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Concept: Acute pancreatitis


The original 1992 Atlanta Classification System for acute pancreatitis was revised in 2012 by the Atlanta Working Group, assisted by various national and international societies, through web-based consensus. This revised classification identifies two phases of acute pancreatitis: early and late. Acute pancreatitis can be either oedematous interstitial pancreatitis or necrotizing pancreatitis. Severity of the disease is categorized into three levels: mild, moderately severe and severe, depending upon organ failure and local/systemic complications. According to the type of pancreatitis, collections are further divided into acute peripancreatic fluid collection, pseudocyst, acute necrotic collection, and walled-off necrosis. Insight into the revised terminology is essential for accurate communication of imaging findings. In this review article, we will summarize the updated nomenclature and illustrate corresponding imaging findings using examples.

Concepts: Inflammation, Necrotizing fasciitis, Necrosis, Acute pancreatitis, Pancreatitis, Chronic pancreatitis


Even in expert hands, there can be serious complications when performing an endoscopic retrograde cholangiopancreatography. The most frequent complications are pancreatitis, cholangitis, bleeding, perforation, and acute cholecystitis. The hepatic subcapsular haematoma is a rare complication, with few cases described worldwide.

Concepts: Gastroenterology, Acute pancreatitis, Endoscopic retrograde cholangiopancreatography, Endoscopy, Ascending cholangitis, Jaundice


A 63-year-old man with no history of alcohol abuse presented with sudden, severe epigastric pain. The serum lipase level was elevated, a finding consistent with acute pancreatitis. Despite supportive care with fluid hydration, pain medication, and bowel rest, the patient’s condition deteriorated.

Concepts: Patient, Alcoholism, Gastroenterology, Alcohol abuse, Acute pancreatitis, Pancreatitis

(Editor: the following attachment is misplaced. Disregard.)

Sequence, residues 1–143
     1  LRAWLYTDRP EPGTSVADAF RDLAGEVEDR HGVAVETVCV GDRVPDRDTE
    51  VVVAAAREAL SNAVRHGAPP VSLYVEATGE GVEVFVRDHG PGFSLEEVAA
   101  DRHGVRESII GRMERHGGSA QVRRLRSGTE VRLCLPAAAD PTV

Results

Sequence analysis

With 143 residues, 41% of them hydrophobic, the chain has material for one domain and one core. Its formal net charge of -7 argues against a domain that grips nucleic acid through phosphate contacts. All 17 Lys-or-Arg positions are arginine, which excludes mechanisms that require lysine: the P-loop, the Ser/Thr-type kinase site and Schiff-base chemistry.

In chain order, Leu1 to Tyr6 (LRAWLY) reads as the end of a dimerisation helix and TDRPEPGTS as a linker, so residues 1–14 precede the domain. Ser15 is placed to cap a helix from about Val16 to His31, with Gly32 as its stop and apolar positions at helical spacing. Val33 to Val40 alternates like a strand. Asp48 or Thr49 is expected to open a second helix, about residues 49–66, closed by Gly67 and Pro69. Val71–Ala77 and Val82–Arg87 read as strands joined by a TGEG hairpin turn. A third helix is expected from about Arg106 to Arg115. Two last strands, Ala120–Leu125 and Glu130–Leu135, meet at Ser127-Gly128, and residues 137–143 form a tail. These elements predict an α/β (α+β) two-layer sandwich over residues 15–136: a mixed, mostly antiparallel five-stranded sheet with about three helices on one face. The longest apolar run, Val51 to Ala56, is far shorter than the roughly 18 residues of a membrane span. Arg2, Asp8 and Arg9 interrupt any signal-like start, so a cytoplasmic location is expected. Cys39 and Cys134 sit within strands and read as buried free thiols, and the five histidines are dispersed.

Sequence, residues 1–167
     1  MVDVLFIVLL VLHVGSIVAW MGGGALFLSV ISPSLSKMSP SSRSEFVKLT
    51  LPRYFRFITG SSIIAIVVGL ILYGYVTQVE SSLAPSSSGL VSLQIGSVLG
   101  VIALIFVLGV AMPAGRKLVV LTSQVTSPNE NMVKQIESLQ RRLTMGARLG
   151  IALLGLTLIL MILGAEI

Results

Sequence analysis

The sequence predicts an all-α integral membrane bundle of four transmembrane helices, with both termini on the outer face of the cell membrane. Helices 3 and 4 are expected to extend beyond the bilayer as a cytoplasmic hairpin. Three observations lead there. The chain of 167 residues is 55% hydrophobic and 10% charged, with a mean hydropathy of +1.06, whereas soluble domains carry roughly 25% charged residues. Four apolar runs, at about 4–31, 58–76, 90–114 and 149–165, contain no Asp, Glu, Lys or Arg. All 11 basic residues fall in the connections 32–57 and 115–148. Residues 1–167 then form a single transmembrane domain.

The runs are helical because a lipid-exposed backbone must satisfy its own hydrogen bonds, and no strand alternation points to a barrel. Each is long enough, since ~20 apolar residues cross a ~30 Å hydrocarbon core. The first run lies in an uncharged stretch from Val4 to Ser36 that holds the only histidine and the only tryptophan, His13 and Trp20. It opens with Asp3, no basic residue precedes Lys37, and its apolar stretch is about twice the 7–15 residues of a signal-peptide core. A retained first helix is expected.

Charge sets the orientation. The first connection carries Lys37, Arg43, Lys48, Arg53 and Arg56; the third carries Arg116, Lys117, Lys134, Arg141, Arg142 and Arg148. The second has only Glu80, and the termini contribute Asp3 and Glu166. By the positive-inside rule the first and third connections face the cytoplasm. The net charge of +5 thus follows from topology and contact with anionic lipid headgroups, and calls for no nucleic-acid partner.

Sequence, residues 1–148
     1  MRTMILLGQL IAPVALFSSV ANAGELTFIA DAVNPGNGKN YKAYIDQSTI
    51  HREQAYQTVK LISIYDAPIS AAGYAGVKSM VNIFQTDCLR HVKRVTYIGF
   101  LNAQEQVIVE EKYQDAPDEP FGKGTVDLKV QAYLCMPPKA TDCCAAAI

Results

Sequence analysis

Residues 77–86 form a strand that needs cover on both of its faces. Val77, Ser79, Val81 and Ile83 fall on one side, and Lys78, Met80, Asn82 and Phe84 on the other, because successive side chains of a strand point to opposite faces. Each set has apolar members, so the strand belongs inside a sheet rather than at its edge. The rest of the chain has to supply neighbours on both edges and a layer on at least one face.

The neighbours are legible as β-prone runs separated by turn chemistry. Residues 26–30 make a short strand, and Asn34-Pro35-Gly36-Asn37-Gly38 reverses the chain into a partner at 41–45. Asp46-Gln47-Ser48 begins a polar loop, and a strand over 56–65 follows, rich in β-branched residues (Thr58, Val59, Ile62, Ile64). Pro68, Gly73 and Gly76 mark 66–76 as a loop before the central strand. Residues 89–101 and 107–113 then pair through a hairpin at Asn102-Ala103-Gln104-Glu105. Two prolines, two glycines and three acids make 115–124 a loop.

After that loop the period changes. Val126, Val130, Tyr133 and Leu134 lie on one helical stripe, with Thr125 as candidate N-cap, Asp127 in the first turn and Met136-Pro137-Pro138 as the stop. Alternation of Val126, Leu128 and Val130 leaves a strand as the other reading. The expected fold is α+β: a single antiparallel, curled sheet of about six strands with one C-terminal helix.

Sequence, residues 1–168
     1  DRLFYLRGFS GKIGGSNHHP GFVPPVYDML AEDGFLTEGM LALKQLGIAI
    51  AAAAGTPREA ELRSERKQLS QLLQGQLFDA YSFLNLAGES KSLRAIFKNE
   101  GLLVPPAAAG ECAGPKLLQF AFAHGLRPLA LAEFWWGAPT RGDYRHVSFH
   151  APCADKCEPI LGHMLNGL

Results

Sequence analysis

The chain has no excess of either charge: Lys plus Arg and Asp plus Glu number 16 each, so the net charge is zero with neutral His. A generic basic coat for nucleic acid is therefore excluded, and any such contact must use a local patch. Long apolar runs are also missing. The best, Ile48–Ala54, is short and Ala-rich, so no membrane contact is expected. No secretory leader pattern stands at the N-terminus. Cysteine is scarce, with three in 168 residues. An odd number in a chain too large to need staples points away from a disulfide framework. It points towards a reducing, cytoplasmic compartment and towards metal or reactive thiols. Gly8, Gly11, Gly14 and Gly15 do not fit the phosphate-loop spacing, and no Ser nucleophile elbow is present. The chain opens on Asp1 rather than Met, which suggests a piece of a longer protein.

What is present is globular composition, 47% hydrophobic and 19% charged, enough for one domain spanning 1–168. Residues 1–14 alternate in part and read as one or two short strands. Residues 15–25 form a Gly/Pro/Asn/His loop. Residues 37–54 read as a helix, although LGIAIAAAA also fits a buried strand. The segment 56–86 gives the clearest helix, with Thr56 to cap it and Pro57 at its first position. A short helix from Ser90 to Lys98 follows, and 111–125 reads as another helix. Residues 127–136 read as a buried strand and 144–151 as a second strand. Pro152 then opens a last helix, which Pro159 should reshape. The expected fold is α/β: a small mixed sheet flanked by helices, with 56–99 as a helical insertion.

Pancreatitis is the most common serious complication of endoscopic retrograde cholangiopancreatography (ERCP). We performed a pilot study to determine whether aggressive peri-procedural hydration with lactated Ringer’s solution reduces the incidence of pancreatitis following ERCP.

Concepts: Intravenous fluids, Lactic acid, Lactated Ringer's solution, Acute pancreatitis, Endoscopic retrograde cholangiopancreatography, Endoscopy, Saline, Hartmann's Solution


To evaluate the effects of pulse high-volume hemofiltration (PHVHF) on severe acute pancreatitis (SAP) with multiple organ dysfunction syndrome (MODS). Thirty patients were divided into two groups: PHVHF group and continuous venovenous hemofiltration (CVVH) group. They were evaluated in terms of clinical symptoms, acute physiology and chronic health evaluation (APACHE) II score, sequential organ failure assessment (SOFA) score, simplified acute physiology (SAPS) II score and biochemical changes. The levels of IL-6, IL-10 and TNF-α in plasma were assessed by ELISA before and after treatment. The doses of dopamine used in shock patients were also analyzed. In the two groups, symptoms were markedly improved after treatment. Body temperature (BT), breath rate (BR), heart rate (HR), APACHE II score, SOFA score, SAPS II score, serum amylase, white blood cell count and C-reactive protein were decreased after hemofiltration (P < 0.05). The PHVHF group was superior to the CVVH group, especially in APACHE II score, CRP (P < 0.01), HR, temperature, SOFA score and SAPS II score (P < 0.05). The doses of dopamine for shock patients were also decreased in the two groups (P < 0.05), with more reduction in the PHVHF group than the CVVH group (P < 0.05). The levels of IL-6, IL-10 and TNF-α decreased (P < 0.05) in the PHVHF group more significantly than the CVVH group (P < 0.01). PHVHF appears to be superior to CVVH in the treatment of SAP with MODS.